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Introduction to custom plugins and middlewares

Plugins are soft-linked libraries, thus a separated .so file, that when running in conjunction with KrakenD can participate in the processing. When we talk about plugins we refer to Go plugins.

Middlewares are the different repositories and components that when compiled all together they form the final KrakenD binary. If you want to change its behaviour you must recompile KrakenD.

Do I need a plugin?
In most of the cases, you don’t need a custom plugin. The combination of different functionalities offered by the middlewares might help you solve a myriad of scenarios, with special mention to CEL, Martian, or even Lua scripting. If you’d like to introduce custom business logic, a plugin does not limit what you can do. Also, if you need a lot of performance, a Go plugin is much faster than a Lua script (generally speaking at least x10).

Unlike KrakenD middlewares, plugins are an independent binary of your own and are not part of KrakenD itself. Plugins allow you to “drag and drop” custom functionality that interacts with KrakenD while still using the official binaries with no need to fork the code.

Let’s get you started building custom code!

Types of plugins

There are four different types of plugins you can write:

  1. HTTP server plugins (or handler plugins): They belong to the router layer and let you modify the request before KrakenD starts processing it, or modify the final response. You can have several plugins at once.
  2. HTTP client plugins (or proxy client plugins): They belong to the proxy layer and let you change how KrakenD interacts (as a client) with your backend services. You can have one plugin per backend.
  3. Response Modifier plugins: They are strictly modifiers and let you change the responses received from your backends.
  4. Request Modififer plugins: They are strictly modifiers and let you change the requests sent to your backends.

All types of plugins are marked with colored dots in the following diagram.

Krakend Plugins

In a nutshell, the sequence of a request-response depicted in the graph of the plugins above is as follows:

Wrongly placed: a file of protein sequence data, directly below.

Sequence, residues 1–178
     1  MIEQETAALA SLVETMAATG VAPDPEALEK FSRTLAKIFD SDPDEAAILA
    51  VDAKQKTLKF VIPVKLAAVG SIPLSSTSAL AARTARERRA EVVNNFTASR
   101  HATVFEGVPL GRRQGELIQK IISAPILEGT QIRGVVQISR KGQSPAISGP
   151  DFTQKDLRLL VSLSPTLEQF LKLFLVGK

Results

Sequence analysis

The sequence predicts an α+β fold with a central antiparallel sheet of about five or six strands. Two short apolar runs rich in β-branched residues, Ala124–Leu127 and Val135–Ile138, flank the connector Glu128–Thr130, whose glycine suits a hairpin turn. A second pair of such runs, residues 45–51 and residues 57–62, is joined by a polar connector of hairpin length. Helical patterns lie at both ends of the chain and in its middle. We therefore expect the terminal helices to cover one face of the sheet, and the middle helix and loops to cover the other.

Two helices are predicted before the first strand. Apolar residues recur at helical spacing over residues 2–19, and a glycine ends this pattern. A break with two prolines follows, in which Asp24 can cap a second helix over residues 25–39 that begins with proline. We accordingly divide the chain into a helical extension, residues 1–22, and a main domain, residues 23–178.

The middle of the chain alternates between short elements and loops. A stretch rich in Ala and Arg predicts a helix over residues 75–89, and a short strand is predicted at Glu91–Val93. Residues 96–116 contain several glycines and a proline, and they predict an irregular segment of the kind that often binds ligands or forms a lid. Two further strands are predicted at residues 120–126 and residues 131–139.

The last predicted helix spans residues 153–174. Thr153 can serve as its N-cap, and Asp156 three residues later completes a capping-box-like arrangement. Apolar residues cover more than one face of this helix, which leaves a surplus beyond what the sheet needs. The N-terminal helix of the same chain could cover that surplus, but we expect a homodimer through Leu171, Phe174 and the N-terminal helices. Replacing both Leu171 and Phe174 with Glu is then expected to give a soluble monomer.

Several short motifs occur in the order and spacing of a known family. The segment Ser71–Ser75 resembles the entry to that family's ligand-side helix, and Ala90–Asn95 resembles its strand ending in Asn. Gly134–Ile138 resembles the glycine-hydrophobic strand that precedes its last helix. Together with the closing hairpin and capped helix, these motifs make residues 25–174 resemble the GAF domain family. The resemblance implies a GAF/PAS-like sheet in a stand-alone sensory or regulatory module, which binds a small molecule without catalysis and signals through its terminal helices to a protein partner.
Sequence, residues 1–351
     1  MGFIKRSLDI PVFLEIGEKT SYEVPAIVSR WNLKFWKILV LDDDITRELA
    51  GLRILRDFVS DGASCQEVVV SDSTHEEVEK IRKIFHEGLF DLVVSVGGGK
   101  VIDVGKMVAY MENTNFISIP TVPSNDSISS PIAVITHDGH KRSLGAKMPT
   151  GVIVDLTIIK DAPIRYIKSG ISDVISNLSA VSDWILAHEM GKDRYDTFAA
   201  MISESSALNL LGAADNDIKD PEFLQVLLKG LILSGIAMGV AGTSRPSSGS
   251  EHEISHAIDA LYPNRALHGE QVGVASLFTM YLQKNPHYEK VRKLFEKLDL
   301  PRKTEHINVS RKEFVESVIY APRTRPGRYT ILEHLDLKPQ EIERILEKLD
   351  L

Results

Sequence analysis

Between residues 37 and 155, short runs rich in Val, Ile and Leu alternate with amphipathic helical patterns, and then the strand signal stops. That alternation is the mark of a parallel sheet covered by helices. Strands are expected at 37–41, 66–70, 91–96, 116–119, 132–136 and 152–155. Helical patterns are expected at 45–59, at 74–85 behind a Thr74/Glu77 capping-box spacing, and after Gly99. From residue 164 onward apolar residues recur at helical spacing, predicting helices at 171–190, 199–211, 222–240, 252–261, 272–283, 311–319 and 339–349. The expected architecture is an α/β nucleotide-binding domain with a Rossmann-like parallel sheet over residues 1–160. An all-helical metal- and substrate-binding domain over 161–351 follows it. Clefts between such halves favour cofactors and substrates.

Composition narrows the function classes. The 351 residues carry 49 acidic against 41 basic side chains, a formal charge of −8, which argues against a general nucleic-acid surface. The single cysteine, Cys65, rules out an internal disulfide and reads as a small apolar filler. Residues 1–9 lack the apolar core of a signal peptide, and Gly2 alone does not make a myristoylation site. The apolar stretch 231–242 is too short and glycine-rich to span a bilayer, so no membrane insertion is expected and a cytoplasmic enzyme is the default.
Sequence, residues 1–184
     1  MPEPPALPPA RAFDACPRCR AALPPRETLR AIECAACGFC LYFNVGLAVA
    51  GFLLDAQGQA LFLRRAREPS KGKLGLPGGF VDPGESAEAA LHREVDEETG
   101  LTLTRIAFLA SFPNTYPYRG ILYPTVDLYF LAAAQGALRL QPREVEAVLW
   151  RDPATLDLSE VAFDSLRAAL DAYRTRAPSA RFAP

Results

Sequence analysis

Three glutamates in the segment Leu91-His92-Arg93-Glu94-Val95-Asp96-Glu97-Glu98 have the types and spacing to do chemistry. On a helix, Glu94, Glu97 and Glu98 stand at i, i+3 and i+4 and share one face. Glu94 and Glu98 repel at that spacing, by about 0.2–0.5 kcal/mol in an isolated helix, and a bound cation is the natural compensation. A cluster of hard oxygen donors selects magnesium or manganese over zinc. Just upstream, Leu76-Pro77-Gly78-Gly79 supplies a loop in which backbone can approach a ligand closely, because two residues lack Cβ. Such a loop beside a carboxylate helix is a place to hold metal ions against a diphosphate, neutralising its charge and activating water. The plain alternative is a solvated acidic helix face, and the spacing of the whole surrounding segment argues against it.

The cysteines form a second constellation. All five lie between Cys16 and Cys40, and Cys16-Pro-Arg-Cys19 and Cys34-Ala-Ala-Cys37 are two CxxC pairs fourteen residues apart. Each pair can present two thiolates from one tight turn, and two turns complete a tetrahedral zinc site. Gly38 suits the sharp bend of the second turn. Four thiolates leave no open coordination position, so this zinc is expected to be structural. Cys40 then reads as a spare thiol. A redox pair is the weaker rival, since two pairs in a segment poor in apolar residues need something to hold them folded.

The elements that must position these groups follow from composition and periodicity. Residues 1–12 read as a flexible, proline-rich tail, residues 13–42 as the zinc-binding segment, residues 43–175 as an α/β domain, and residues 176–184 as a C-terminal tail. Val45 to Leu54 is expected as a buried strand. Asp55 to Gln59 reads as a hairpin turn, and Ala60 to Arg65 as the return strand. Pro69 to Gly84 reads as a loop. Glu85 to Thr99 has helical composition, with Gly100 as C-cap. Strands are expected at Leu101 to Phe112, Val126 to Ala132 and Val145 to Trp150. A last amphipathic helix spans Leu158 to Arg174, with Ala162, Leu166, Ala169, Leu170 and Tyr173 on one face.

1. The end-user/server sends an HTTP request to KrakenD that is processed by the router pipe. One or more HTTP server (a.k.a http handler) plugins can be injected in this stage.
  2. The router pipe transforms the HTTP request into one or several proxy requests -HTTP or not- through a handler function. The request modifier plugin can intercept this stage and make modifications.
  3. The proxy pipe fetches the data for all the requests through the selected transport layer. The HTTP client plugin modifies any interaction with the backend.
  4. The proxy pipe manipulates, aggregates, applies components… and returns the context to the router pipe. The response modifier plugin) can manipulate the data per backend or when everything is aggregated.
  5. The router pipe finally converts back the proxy response into an HTTP response.

When you have chosen the type of plugin that fits best your scenario, it’s time to write your plugin.

Custom middleware

The recommended way to customize KrakenD is through plugins. But as all open-source code, you can modify KrakenD and its middlewares and do your own version. When writing your custom code, fork the KrakenD-CE repository, and read “Understanding the big picture” to identify the important packages.

The krakend-ce repository is the one assembling all the middlewares and manages the dependencies (including Lura). It lets you effortlessly include your company customizations, as the project itself is mostly a wrapper for all components. Be aware that when you fork KrakenD you will need to maintain your custom version, which differs from the official binaries.

There are many examples of different modules (included in KrakenD-CE and not) on our contributions list. If you create new middlewares, feel free to open a pull request and let us know.

A relaxed start to build a custom component for KrakenD is our article “Website development as a sysadmin” where you can find custom code to add automatic API authentication against a backend. This functionality can be achieved without forking the code, but still, it is an illustrative example.

Unresolved issues?

The documentation is only a piece of the help you can get! Whether you are looking for Open Source or Enterprise support, see more support channels that can help you.

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